Under the heartless Sultan Baybars, the Mamluks devastated Antioch in 1268. Accordingly, Louis sorted out the Eighth Crusade in 1270. The underlying objective was to help the rest of the Crusader states in Syria, yet the mission was diverted to Tunis, where Louis passed on.

Edward I of England went up against another undertaking in 1271. This fight, which is frequently gathered with the Eighth Crusade however is some of the time alluded to as the Ninth Crusade, finished next to no and was viewed as the last noteworthy campaign to the Holy Land.

mamluk

 

END OF THE CRUSADES

The Crusading movement came to an end by the close of the 13th century. The emperor Frederick II for a short time recovered Jerusalem by a treaty, but in 1244 A.D. the Holy City again became a possession of the Muslims. After 200 years of conflict, after a vast expenditure of wealth and human lives, the Holy Land remained in Muslim hands.

There were three reasons why Crusades failed. First, there was the inability of Eastern and Western Europe to cooperate in supporting the Holy Wars.

Second, the lack of sea-power worked against their success. They were not able to go to Syria by water directly but had to use a long sea- route.

Third, the Crusaders were never numerous enough to colonize so large a country as Syria and absorb its Muslim population.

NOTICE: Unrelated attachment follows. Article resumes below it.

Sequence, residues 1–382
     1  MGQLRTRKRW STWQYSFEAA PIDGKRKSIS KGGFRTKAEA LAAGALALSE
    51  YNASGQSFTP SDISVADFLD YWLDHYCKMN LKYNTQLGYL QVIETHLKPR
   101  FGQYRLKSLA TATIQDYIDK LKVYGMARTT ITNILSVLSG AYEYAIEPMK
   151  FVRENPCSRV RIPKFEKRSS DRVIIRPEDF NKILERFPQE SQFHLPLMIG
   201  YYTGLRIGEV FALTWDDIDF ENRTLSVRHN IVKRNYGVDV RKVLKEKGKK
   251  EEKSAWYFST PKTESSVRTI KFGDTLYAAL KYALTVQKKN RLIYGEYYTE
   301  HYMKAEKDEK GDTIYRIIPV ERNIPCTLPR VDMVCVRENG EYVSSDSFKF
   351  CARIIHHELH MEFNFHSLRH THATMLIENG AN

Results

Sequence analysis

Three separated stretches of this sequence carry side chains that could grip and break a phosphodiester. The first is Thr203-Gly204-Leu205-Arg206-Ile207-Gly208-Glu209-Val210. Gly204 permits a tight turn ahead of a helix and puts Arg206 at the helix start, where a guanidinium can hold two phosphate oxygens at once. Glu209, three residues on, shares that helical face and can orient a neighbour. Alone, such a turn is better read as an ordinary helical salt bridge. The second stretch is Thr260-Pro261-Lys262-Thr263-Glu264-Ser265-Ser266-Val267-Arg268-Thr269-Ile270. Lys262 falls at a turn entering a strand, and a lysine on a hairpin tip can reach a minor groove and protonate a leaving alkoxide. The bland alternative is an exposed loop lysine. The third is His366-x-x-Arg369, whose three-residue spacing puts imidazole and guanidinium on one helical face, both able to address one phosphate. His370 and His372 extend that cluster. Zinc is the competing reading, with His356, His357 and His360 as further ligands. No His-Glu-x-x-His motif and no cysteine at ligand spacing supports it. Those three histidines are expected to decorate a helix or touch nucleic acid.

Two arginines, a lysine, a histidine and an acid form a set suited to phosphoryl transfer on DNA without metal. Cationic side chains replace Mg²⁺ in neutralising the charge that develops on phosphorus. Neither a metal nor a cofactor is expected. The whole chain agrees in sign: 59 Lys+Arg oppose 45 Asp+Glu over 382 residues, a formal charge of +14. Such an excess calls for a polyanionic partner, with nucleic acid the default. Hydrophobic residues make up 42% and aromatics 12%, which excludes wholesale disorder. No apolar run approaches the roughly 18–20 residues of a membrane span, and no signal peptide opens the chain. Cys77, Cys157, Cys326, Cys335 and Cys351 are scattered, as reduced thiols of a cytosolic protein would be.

The Crusades came to an end because after 2 centuries the old crusading enthusiasm died out and the old ideal of the Crusade as ‘The Way of God’ lost its spell. Men had begun to think less of winning future salvation by visits to distant shrines and to think more of their present duties to the world about them. They came to believe that Jerusalem could best be won as Christ and the Apostles had won it “by love, by prayers, and by the shedding of tears”.


                           images (5)

 

EFFECTS OF THE CRUSADES

Although the crusades failed to capture Jerusalem, they had several major impacts on Western Europe. They increased the authority of the king sometimes nobles died in battle without leaving an heir in which the king gets their land. King passed taxes to pay for the crusades.